Perhaps the ultimate "Twiqbal" argument is now playing out in litigation regarding LIBOR fraud by several massive banks. Barclays and other banks are busy admitting LIBOR fraud and preparing to pay massive fines, such as Barclay's $ 450 million payment. But meanwhile other banks are moving to dismiss antitrust claims from the LIBOR fraud, claiming that the frauds are not adequately detailed in pleadings to date. As to the big picture, Alison Frankel has the more complete story - and links to pleadings - in a new blog post. And more facts are now public about Barclay's role in LIBOR fraud. Things do not look good as even the Economist is asking if the finance industry has hit its "tobacco moment."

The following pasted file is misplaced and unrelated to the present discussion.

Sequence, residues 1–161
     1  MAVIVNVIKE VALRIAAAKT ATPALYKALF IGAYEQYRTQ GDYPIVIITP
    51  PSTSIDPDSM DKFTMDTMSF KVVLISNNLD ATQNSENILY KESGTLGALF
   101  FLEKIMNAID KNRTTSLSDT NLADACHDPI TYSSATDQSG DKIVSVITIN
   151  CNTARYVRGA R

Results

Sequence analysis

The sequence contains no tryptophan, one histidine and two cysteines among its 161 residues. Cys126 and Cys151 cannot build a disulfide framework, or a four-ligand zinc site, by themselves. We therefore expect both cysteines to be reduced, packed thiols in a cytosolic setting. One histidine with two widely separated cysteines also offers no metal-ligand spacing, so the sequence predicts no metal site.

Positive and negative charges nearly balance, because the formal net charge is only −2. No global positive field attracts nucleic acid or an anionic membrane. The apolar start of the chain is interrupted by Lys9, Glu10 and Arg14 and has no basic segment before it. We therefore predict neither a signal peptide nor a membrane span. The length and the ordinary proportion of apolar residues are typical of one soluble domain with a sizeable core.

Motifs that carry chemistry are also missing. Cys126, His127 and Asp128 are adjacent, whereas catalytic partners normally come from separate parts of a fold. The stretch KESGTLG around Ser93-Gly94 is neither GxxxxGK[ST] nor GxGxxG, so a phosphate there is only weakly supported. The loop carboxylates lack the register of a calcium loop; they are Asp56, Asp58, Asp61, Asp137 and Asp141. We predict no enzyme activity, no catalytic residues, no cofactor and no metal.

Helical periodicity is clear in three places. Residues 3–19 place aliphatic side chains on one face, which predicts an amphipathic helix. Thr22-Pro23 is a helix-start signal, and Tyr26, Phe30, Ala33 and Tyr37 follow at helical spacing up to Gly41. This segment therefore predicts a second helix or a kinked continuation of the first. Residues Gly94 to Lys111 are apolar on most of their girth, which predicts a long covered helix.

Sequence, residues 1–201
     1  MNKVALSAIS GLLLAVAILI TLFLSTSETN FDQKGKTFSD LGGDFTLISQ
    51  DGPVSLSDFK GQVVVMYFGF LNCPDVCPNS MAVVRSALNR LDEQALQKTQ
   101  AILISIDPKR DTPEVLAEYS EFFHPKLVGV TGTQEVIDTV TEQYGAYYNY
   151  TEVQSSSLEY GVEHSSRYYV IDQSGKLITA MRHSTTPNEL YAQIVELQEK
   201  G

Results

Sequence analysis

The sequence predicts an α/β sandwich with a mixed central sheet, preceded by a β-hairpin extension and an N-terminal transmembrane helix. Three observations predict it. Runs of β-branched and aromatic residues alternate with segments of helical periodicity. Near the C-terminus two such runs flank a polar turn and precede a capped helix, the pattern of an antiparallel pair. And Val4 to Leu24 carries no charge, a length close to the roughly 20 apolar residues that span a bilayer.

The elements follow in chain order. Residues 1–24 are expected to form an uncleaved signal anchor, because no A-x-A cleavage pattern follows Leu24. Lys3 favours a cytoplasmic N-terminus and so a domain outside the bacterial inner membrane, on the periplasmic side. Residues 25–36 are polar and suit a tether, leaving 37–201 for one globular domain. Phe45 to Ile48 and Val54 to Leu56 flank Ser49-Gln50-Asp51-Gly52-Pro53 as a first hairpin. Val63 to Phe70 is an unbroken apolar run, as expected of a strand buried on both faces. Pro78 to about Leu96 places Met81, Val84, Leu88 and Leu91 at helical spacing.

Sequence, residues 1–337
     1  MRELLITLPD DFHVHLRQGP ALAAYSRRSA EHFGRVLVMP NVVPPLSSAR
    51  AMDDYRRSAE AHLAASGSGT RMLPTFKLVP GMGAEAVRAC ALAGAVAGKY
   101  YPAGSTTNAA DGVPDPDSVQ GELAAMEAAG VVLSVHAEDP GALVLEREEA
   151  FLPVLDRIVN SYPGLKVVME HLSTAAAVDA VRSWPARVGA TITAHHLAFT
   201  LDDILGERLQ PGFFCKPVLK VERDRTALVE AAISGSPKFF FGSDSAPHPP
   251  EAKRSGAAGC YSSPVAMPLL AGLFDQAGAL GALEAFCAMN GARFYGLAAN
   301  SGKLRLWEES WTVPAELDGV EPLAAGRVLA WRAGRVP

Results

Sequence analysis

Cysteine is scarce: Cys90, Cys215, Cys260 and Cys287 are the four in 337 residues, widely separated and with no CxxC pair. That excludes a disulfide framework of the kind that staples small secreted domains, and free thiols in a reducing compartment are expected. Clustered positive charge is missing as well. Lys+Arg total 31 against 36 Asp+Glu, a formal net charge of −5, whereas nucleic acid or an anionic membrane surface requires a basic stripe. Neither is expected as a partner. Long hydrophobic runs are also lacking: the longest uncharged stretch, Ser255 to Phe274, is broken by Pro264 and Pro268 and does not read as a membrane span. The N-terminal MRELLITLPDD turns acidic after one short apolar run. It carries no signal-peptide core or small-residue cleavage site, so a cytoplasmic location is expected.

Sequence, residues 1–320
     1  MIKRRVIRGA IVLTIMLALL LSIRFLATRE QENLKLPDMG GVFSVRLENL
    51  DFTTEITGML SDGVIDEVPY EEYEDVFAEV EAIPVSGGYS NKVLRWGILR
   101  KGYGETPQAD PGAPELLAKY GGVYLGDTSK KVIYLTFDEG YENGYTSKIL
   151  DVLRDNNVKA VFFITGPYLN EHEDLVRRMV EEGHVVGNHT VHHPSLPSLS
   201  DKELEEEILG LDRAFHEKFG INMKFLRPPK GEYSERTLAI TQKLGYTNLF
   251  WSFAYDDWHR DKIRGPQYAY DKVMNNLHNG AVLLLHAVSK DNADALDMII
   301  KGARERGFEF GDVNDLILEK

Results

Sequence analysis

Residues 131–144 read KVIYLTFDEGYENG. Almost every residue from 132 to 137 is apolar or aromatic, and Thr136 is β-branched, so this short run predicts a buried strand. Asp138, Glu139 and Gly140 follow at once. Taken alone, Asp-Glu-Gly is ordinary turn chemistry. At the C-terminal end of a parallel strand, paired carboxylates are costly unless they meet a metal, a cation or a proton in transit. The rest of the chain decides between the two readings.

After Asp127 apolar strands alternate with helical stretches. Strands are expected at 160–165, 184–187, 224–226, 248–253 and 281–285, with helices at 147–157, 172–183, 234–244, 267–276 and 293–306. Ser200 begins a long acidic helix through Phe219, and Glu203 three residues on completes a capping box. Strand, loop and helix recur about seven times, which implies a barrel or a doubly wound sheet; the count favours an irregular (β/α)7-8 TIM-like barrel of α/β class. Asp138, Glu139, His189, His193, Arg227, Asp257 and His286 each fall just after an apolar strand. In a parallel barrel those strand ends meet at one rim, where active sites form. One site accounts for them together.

The Twiqbal pleading standard has been massively helpful to business as it has knocked out many claims. But, as with other principles, one needs to keep an eye on the swinging pendulum. That is, too much Twiqbal success today may cause Twiqbal's demise tomorrow if it is applied to knock out claims that appear pretty darn true in light of the limited materials made public to date. Twiqbal motions may end up as another example of the need to be careful about wishing for too much.